VeriFone's CEO Doug Bergeron Defends Actions Against Square: "It’s a Competitive World."
VeriFone, the publicly held company that makes cash registers and other payment processing devices, issued a scathing open letter about Square last week, claiming the San Francisco start-up has serious security flaws in its product.
In response, Square’s CEO Jack Dorsey said the claims weren’t “fair or accurate,” and that VeriFone was overlooking all of the protections already built into your credit card.
VeriFone’s awareness campaign may be considered a little unconventional.
The company went as far as to launch a web site, record a video, and develop a mock-iPhone app that demonstrates how easy it was to use Square’s dongle to skim information off of a credit card.
Reactions to VeriFone’s approach largely sided with Square.
In comments on our site and on other venues, including Twitter, respondents mostly waived off the concerns, saying that VeriFone was feeling threatened by Square’s progress in the market.
In an exclusive interview, VeriFone’s CEO Doug Bergeron explained why the company felt it was necessary to launch the campaign.
Actually, the interview was positioned as a way to “clear the air,” although as you’ll see, those were not his words, but rather the phrase his public relations people chose to use in pitching us.
Here is our conversation, which has been edited for length and some context, but is largely as it happened.
Duryee: I was told you want to “clear the air” about VeriFone’s actions last week.
No, I don’t think that’s the way I would put it.
I believe that’s a direct quote from your PR person.
Well, I can’t help what they say.
But this is a very interesting time in mobile commerce. There’s a lot of things happening, and a lot of innovation that is happening, and yet, and yet a lot of historical issues that haven’t gone away.
[Skipping ahead in the interview] How is your smartphone product different than Square’s?
We’ve been selling PAYware Mobile for about a year, and it is selling well. Square is the only one that I know of that doesn’t encrypt their data.
We don’t use a dongle. We use a sleeve, or basically it’s a small cradle that the phone sits in. What’s different is that we encrypt the data, which means it costs $25 to $35 more to provide that technology. We aren’t creating fraud. We want consumers to be able to accept credit cards. But if you cut corners it causes problems.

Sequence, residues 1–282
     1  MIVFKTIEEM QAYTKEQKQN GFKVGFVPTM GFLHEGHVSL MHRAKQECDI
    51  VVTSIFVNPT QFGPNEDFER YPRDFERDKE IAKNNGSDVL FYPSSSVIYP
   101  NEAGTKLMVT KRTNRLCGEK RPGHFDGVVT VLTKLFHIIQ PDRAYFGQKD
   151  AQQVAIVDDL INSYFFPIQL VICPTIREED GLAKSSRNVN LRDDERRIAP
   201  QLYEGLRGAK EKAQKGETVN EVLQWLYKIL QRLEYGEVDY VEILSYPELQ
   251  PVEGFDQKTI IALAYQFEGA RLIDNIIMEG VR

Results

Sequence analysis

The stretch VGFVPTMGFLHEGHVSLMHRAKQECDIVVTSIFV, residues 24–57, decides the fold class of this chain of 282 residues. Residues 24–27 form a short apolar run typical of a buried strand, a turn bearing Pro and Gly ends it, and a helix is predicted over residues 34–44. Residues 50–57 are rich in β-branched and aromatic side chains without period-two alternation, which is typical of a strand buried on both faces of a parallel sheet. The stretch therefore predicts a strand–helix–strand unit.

We’ve been mentioning it for awhile, but we thought we needed to be heard.
Did you approach Square directly?
We’ve been in several conversations–not just with Square–but with the industry, and not just about Square, but about hypothetical devices.
We don’t want an industry that’s been moving toward simplicity, which we think is good, to move toward technology that’s allowing fraud. We don’t want it to go in wrong direction.
Did you give Square a heads-up that you were going to do what you did?
I don’t know who our PR folks talked to or didn’t.
Your PR folks told me that you had a meeting with Square’s CEO Jack Dorsey the week before.
I did see him in New York. We were at a similar meeting. I brought up the security issue, and asked him how are you addressing security? The answer was still, the networks will take care of it.
That’s not the way the rest of the world is treating this.
Networks have programs that monitor transactions, and they’ll call you if you are traveling, and there’s systems that can identify things post-facto, but that’s after the fact. The rest of the world has used smart cards and other mechanisms to stop fraud where it happens.
So, the networks can take care of it?
It’s not good enough. We should be joined arm-and-arm to make sure customers trust these systems and make sure that fraud goes down. I don’t think retailers like paying the highest interchange rates in the world, that’s not fair.
Was your open letter fair to Square?
[He laughs.] Listen it’s a competitive world. We take our role as a leader in the industry seriously. We gave them a heads up and free advice that you shouldn’t be allowing systems out there, unencrypted. If that’s fair or not, it’s not the issue here. We collectively need to create new technology to reduce fraud, whether you are a venture-backed business or a big businesses. We are both responsible for our own decisions and should be able to fend for ourselves.
Were you worried they were gaining traction in the market?
No, not at all. We don’t know what traction they’ve seen. We might be doing more than them. I have no idea. It is worth noting that we do less than a couple of million dollars a year with micro-merchants, such as garage sales or Girl Scout cookies. But that’s not the essence of VeriFone. This is not our massive attempt to protect two million in revenue. If that’s what you think, you are missing the point.
We are not worried about competition in one of our $2 million segments, but we are worried about the industry not being concerned about the third rail of skimming, which is smartphones not using encrypted data.
Still, a lot of the feedback in the comments on our site and on Twitter was that you felt threatened by Square.
I notice Verizon and AT&T advertise whose systems don’t work. Oracle advertises against HP, by saying their systems have more processing power. I’m not quite sure how this is different. We have a solution that encrypts data and reduces fraud. If that’s not worthy of identifying and knowing, what’s wrong with that?
Well, maybe you went too far by making the faux iPhone application available for download on the site?
If we didn’t, we would have been accused of blowing smoke. The fact that we could do it [build one] in an hour demonstrates how serious of a problem it is.